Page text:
After a good discussion, I used this worksheet to recap and develop their skills:

Warning: “Original Amount” section, question (d) is a tricky one.

As with all new approaches, it’s always good to see if it worked. I set the following task from Don Steward’s website:

MEDIAN percent problems

I have GCSE students who wouldn’t know where to start on those questions, yet my Year 8 with their ‘have a go’ attitude were absolutely awesome. I’m definitely using this method again!

# 342. Revision jotters

With the exams looming large, I thought I’d share how my class have been revising. To give you some context roughly a third of the class are doing Foundation GCSE, aiming for at least a Grade 4. The rest are doing Higher and aiming for a Grade 5 or better. We have three, one hour, lessons a week. I’m rotating between doing an exam paper, a whole class revision activity (eg a revision clock) and tiered revision.

I know if I tell the students to revise independently the results are going to be mixed. Some will be brilliant, some will be more laid back. To resolve this I pick a topic (or two) from each tier that I know they need to improve on from or that they have requested. It’s helpful if there is a theme to the work. I’ve recently done things like y=mx+c (F) with plotting inequalities (H).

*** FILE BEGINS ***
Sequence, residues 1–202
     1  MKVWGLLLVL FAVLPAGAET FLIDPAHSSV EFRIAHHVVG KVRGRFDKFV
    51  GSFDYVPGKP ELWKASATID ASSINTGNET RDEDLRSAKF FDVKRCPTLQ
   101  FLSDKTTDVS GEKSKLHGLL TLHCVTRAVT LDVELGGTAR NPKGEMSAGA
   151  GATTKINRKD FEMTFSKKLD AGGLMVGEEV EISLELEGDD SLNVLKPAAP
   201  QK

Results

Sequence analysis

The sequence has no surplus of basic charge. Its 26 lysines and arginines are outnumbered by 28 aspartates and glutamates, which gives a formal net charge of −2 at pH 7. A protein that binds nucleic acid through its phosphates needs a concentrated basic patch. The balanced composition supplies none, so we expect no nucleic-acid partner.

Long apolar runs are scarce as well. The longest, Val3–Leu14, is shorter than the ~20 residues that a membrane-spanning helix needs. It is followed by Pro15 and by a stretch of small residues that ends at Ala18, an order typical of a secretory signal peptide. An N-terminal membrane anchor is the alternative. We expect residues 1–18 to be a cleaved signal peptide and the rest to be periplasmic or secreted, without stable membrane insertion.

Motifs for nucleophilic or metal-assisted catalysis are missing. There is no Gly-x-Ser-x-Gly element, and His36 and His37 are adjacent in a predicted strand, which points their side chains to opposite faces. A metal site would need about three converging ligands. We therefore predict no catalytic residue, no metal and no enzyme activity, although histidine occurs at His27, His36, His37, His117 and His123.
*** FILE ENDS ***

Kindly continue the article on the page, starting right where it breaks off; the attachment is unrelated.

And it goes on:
Now the genius part: PixiMaths revision jotters

How to run the session

Photocopy a big stack of revision jotters. If you are doing black and white copying, use the b&w version. We requested the b&w version and, because PixiMaths is awesome, it is now on the website.

Clearly put on the board which topic each tier is revising

Eg Foundation: exact trig values, Higher: trig graphs

Give students 5-10 minutes to fill their revision jotters with everything they know. Have textbooks or maths dictionaries available to fill in the gaps. You may find that Higher students want to do the Foundation topic too – no problem, just make sure they have two jotters. Due to the complexity of the Higher topic, they will need more time to make initial notes.

My students are allowed headphones in revision sessions. At this point it’s headphones in for Higher and out for Foundation.

Do a skills recap on the board (exact trig values), with maybe an exam question too. Students can ask questions on the topic and add to their jotter. Then have a worksheet for students to do eg Corbett Maths or KeshMaths GCSE exam questions booklets. They can refer to their revision jotter or scan the Corbett Maths QR code for extra help.

Swap over. Headphones in for Foundation and out for Higher.

Repeat the process for Higher, with drawing trigonometric graphs. Issue an appropriate worksheet.